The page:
“Only because she stuffed them in her purse.”
I hooted. “You’re joking!”
“Nope. All gone.” He looked at me. “I haven’t heard you laugh since you’ve been here.”
“I’d better stop drinking on the job, then. Good evening, monsieur.” (This last to M. Dumas.)
With my translations of Rico’s lies about the food (“Oh, yes, we use only the highest grade of beef for our tournedos bearnaise”), we explained the menu to M. and his companion. He ordered for them both, three entrees total, including the mendaciously sold tournedos (“Very rare, only given a moment’s glimpse at the fire, then whisked away.” “Yes, monsieur. Rico, TB blue.”) and the most expensive of the three French wines on our list. Rico left to put their order in, and I bowed myself to visit table twenty-one. I stopped by the computer to print out the check for them before asking if they wanted dessert. As I had suspected, the bald man merely grunted, “Check.” I left it beside him.
Back at the bar, I found Rico dusting off the wine bottle for thirteen. “Where’d you learn French?” he asked.
“In school. Words, words, words.”
Before Rico could inquire further Jan came into the bar. “I’ve just seated you two four-tops,” she said.
“Calloo callay,” I said.
“I’ve got this bottle to open,” said Rico. “Are you even old enough to take someone a drink should they need it?”
“And what is up with thirteen? Is that guy really not in Technicolor like the rest of us?”
“I don’t know what you’re talking about,” I said.
“Maybe he’s from Kansas,” said Helen.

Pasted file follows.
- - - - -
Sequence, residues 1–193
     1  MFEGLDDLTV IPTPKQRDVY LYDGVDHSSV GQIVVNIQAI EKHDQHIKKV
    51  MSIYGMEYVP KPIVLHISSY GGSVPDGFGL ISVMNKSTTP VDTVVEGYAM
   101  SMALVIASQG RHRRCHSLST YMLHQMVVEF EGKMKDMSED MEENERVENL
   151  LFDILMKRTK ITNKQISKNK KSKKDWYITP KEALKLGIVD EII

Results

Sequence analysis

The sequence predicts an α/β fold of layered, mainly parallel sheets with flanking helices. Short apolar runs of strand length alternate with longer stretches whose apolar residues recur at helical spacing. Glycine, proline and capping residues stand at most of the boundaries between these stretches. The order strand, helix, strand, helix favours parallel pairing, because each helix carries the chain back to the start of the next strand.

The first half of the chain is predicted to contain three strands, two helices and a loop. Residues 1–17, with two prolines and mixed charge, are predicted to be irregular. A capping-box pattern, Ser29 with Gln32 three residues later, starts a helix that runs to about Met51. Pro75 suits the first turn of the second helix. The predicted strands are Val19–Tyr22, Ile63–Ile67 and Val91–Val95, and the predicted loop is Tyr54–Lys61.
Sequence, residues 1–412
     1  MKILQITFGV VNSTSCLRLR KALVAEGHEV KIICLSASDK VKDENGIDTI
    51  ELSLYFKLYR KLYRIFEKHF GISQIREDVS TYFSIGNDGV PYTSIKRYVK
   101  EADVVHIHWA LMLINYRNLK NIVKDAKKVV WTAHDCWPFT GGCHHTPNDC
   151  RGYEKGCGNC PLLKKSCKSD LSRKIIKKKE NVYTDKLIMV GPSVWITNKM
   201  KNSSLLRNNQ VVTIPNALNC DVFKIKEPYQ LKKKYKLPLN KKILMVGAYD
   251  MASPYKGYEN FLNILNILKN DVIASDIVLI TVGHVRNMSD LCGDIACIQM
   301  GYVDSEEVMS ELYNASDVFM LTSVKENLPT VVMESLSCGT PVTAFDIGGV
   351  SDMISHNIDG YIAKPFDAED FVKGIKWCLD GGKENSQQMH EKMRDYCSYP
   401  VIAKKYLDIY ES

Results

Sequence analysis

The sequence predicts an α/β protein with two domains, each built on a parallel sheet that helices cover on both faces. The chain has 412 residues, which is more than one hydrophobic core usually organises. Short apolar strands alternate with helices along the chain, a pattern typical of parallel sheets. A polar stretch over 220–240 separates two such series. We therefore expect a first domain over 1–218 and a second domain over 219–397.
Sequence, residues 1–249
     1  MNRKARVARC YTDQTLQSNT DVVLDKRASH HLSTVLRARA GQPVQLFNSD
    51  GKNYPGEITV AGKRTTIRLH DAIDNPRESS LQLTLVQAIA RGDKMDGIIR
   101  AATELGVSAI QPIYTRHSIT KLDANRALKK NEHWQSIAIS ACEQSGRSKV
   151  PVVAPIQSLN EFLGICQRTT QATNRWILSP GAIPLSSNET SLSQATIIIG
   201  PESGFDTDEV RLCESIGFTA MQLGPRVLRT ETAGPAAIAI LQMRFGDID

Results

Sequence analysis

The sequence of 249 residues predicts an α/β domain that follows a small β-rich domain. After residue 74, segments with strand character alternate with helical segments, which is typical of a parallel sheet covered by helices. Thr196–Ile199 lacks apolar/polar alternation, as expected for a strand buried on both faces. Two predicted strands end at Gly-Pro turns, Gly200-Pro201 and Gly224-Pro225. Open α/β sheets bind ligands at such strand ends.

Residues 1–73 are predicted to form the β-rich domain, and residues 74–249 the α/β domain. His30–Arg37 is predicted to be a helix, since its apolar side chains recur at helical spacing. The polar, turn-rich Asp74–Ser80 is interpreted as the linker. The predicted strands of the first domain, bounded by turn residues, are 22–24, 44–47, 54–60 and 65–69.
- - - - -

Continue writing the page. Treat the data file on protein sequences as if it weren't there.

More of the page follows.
I grabbed two baskets of bread—the first rule is, give them something to eat—and went to see what the night had brought us. Table seventeen was a matched set of teenagers on dates. The alpha male there told me that they all wanted Diet Cokes, and asked if we offered free refills (yes, cheapskate). I brought them their aspartame-and-waters and went to the next table over. Three businessmen, one businesswoman looking eager to please. The men got dry martinis with various name vodkas; the woman got sweet vermouth on the rocks. Groundhog Day has doomed more people to that foul drink than is meet and right.
After these frantic motions and a break for liquid refreshment I caught Rico in the kitchen cussing out Luis, who was pretending not to speak English.
“I need those goddam appetizers,” he shouted. Then, in Spanish, “Give me my fucking food, you hummingbird.”
“I think you mean ‘cocksucker,’ not ‘hummingbird,'” I said.
“Fucking piece of shit,” said Rico.
“Que?” said Luis, just to piss him off.
“Motherfucker!” said Rico, and ran off. I shrugged.
“You want to take the apps?” asked Eddie, bringing them up.
“I live to serve.”
The apps went to the teens, who had chosen them as their entrees: the ladies, for their (stick-insect-like) figures, the gentlemen for their parents’ credit reports. Rico’s temper was mending after the businessfolk had all ordered steaks. Luis was back to talking to himself for amusement, mostly about his new puppy: “And he sleeps with me, bro, and when I wake up he licks my face and I can tell that he loves me even though I’m a bad dude. I mean, you know, I’m a sinner just like everybody, I mean, we’re all sinners, but my puppy? he just loves me and doesn’t care.”
Rico and I stopped by table thirteen. The wine had given M. Dumas some color—literally, he was sepia—and he was chatting at volume with his companion. “So who is this guy?” asked Rico as we tucked around the corner where we could watch them unobtrusively.
“My guess is that he’s the ghost of a nineteenth-century author.”
“There is more on Heaven and Earth, asshole, than is dreamt of in your philosophy,” I said. “The Three Musketeers? Twenty Years After? The Count of Monte Cristo?”
“That’s the author?”
“Did you notice that he’s sort of tinted now?”
“So why come to Rosie’s? I mean, ten years ago, sure, but these days? Strictly riding on reputation. Our escargot comes from a big blue-and-white can marked SNAILS.”
“Maybe the reviews in Hell are a little slow.”
“Huh,” said Rico. “I didn’t know you got time off for good behavior in Hell.”
“Read the Refrigerium of Prudentius,” I said. “Apparently you get a nice date, too.”